This odd building is representative of the Balkanisation of the Orthodox church that has taken place over the centuries. The Bulgarian minority used to use the Greek Patriarchate as their base in Istanbul. However, the movement for Bulgarian rights within the Ottoman Empire began to gain power through the 19th century. The Ottomans classified minorities by religion, which meant that Bulgarians came under the administration of the Greek Patriarchate. This meant that Bulgarians could not establish schools or celebrate mass in their own language. By the 1860s, nationalist movements in the northern part of Bulgaria had replaced Greek church leaders with Bulgarian in defiance of the rulings if the Patriarchate. A wooden house in the location of the current Church of St Stephen (41.031671,28.949575) was donated and converted into a Bulgarian church in 1849. This was unignorably close to the Greek Patriarchate.
Angry religious nationalism was a threat to stability in the tottering Ottoman Empire so something had to be done. The 1870 firman (royal decree) of Sultan Abdulaziz granted the Bulgarians the right to establish their own church (an exarchate, because it was not recognised by the Greek Patriarchate). The firman was read out amidst great celebration in the church. The Patriarchate officially closed the church. The rebels then held a service in Bulgarian and proclaimed autocephaly, meaning that the Bulgarian Church was no longer answerable to the Greek church. Things went badly at the 1872 Ecumenical Council in Constantinople in which the Bulgarians were excommunicated, their nationalistic demands condemned as heresy and the exarchate branded as schismatic. Exarch Antim I was exiled by the Ottoman government in 1877 for sympathy with the Russians in the recently declared Russo-Turkish war. The Bulgar movement didn’t go away and, inevitably, the wooden church burned down.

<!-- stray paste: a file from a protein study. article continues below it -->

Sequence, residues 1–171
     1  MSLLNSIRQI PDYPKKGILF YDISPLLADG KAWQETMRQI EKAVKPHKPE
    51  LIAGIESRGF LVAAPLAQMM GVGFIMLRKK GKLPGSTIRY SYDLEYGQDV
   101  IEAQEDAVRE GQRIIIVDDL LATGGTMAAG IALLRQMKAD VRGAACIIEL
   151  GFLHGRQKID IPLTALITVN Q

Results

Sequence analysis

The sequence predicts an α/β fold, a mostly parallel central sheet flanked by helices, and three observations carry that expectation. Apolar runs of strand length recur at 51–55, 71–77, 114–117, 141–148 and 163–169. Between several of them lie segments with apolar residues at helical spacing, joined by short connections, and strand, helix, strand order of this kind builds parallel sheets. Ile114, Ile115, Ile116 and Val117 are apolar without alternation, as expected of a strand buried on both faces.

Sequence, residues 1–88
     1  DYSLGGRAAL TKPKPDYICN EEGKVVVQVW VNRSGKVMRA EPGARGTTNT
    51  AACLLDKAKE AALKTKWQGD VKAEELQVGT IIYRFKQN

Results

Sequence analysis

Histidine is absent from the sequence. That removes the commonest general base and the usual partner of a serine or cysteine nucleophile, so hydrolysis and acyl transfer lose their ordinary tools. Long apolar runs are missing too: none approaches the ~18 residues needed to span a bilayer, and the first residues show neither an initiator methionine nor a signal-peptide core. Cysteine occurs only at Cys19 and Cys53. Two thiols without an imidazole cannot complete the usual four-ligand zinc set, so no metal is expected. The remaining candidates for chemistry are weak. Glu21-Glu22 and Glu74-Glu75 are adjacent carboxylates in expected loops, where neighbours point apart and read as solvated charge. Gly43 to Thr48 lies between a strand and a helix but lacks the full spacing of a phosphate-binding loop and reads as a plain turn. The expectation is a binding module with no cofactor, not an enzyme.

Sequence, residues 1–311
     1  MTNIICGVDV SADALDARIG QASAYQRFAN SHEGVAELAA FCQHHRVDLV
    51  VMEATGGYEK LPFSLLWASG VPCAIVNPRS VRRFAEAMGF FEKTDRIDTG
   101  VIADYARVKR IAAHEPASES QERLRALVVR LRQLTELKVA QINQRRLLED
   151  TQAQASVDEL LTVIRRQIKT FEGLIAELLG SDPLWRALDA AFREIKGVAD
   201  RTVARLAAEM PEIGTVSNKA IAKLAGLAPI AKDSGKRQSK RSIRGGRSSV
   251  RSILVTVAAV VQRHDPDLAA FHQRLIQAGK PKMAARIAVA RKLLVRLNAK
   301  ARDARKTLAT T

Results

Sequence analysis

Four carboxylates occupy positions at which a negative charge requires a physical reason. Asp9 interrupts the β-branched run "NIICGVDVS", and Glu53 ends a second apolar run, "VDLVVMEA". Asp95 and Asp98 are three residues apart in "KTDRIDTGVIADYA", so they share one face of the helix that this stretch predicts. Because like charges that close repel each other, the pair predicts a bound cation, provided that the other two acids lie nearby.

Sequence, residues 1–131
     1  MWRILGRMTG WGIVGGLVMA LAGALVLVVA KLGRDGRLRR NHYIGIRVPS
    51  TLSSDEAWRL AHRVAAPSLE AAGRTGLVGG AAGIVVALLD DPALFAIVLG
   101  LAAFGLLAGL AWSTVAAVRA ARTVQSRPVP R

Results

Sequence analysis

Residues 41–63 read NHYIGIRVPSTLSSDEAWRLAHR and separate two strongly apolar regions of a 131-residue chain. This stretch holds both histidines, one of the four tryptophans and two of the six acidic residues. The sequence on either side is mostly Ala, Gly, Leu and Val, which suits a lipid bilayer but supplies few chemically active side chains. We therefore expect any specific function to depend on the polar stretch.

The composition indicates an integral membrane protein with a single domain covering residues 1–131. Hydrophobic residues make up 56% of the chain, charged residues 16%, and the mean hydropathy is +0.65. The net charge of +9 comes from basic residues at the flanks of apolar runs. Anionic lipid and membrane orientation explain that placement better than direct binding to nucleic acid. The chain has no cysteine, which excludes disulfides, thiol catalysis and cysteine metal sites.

A new church was needed, the Bulgarian community had some powerful and rich backers and the designated ground for the church was on swampy, reclaimed ground. A plan for a light, prefabricated church with an iron frame was drawn up. The part were manufactured in Vienna, shipped down the Danube, down the Black Sea and began to arrive on the shore of the Golden Horn in 1896. The Bulgarian church remained a rather obvious entity and the Greek Patriarchate officially recognised it as an Orthodox church in 1953.
The iron church is a surprisingly attractive combination of bits of Gothic and Baroque casting. Once you know it is a prefab construction, you can see the joins but if you forget about that, it’s rather lovely. It is being restored at huge expense. As the first step, the dome was plated with gold in 2010, funded by money raised by the orthodox community of Plovdiv. More details here .